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How Germany’s Bundesliga completed its season amid coronavirus

The first European soccer league to resume play can credit in part virus testing and medical protocols that formed a blueprint for sports around the world.

DUSSELDORF, Germany — There was a trophy, there were medals, and there were commemorative T-shirts. Only the fans were missing as Bayern Munich celebrated its title Saturday and the Bundesliga breathed a sigh of relief. Its restart plan worked.

“This isn’t the Bundesliga that we wanted or that we love, but it was the only Bundesliga that was possible,” league CEO Christian Seifert said.

When the Bundesliga restarted May 16, it was more than a month ahead of other major European soccer leagues. The June 27 finish leaves Bayern Munich and Leipzig with weeks of free time before the Champions League returns in August.

The Bundesliga’s virus testing and medical protocols formed a blueprint for other leagues and sports around the world. Unlike most other European countries, Germany also restarted its women’s league, won by Wolfsburg.

A season like no other

The games were eerie as players’ shouts echoed off empty concrete terraces and the colorful fan displays were gone. Borussia Dortmund set the tone on the first day back when its players lined up to salute the empty “Yellow Wall,” usually one of Europe’s loudest and best-known fan sections.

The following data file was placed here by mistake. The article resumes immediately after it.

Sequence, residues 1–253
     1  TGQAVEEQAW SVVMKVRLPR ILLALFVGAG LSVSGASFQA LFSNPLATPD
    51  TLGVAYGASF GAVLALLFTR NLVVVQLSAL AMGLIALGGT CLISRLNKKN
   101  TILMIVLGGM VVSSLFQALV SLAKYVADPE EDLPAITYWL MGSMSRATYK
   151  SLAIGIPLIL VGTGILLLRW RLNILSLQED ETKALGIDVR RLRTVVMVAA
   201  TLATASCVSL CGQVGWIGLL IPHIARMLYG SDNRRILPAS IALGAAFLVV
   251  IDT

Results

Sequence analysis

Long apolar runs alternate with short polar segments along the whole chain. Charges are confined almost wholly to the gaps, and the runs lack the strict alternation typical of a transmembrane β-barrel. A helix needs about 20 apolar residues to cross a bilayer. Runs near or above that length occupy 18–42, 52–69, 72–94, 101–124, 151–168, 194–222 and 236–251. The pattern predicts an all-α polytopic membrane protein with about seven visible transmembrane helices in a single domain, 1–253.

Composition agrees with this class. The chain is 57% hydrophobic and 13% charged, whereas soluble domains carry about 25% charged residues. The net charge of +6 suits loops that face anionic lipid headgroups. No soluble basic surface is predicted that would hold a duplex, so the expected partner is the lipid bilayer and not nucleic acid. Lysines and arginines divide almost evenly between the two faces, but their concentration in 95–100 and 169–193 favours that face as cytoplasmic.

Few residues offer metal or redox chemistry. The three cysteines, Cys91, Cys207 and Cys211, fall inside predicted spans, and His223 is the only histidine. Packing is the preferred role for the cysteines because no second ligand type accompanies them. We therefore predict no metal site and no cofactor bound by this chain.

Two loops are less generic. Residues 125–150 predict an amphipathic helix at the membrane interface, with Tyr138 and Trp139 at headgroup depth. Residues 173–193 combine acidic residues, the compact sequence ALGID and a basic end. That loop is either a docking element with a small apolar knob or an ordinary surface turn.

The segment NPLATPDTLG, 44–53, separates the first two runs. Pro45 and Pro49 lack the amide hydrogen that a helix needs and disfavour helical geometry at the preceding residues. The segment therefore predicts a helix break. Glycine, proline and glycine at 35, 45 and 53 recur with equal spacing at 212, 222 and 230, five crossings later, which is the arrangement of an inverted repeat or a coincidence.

The results were much like those of any other recent season. Bayern recovered from early season troubles to win its eighth straight title with two games to spare, then held a muted party in private without players’ families and the usual beer-throwing antics. Dortmund fought hard with an exciting young team but fell short.

The coronavirus brought pain to some players, at least indirectly. Injuries were more common after the long break from training, and second-division Dynamo Dresden had to play eight games in 22 days after positive coronavirus tests delayed its return to action.

“Do you think that anyone in the league spent a single second thinking about what’s going on in our heads?” Dresden player Chris Lowe said in a tearful, expletive-filled televised interview railing against the German league last week.

Now Bayern and Leipzig face weeks without games before the Champions League resumes in August, though Bayern still has a cup final Saturday against Bayer Leverkusen. There is also a two-leg promotion-relegation playoff that has to be played.

Virus testing

Almost immediately after suspending play March 13, Germany quietly began preparing for a restart.

It helped that Germany was a world leader in ramping up its coronavirus testing. That meant the league could use as many as 25,000 coronavirus tests to finish the season without putting a serious dent in the country’s testing capability.

The deputy head of Germany’s main public health body was opposed, saying tests should be saved for people suspected of having the virus.

At one stage the restart looked in doubt after positive tests for players or staff at first-division Cologne and second-division Dresden and Erzgebirge Aue. Polls consistently showed that most Germans were opposed to the restart. Detailed planning by the league for testing and training helped convince key politicians.